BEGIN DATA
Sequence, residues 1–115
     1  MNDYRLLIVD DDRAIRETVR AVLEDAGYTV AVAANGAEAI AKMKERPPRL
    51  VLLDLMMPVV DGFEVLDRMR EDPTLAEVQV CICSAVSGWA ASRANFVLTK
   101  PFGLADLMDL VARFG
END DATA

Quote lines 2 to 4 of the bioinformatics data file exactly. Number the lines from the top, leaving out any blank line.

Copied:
     1  MNDYRLLIVD DDRAIRETVR AVLEDAGYTV AVAANGAEAI AKMKERPPRL
    51  VLLDLMMPVV DGFEVLDRMR EDPTLAEVQV CICSAVSGWA ASRANFVLTK
   101  PFGLADLMDL VARFG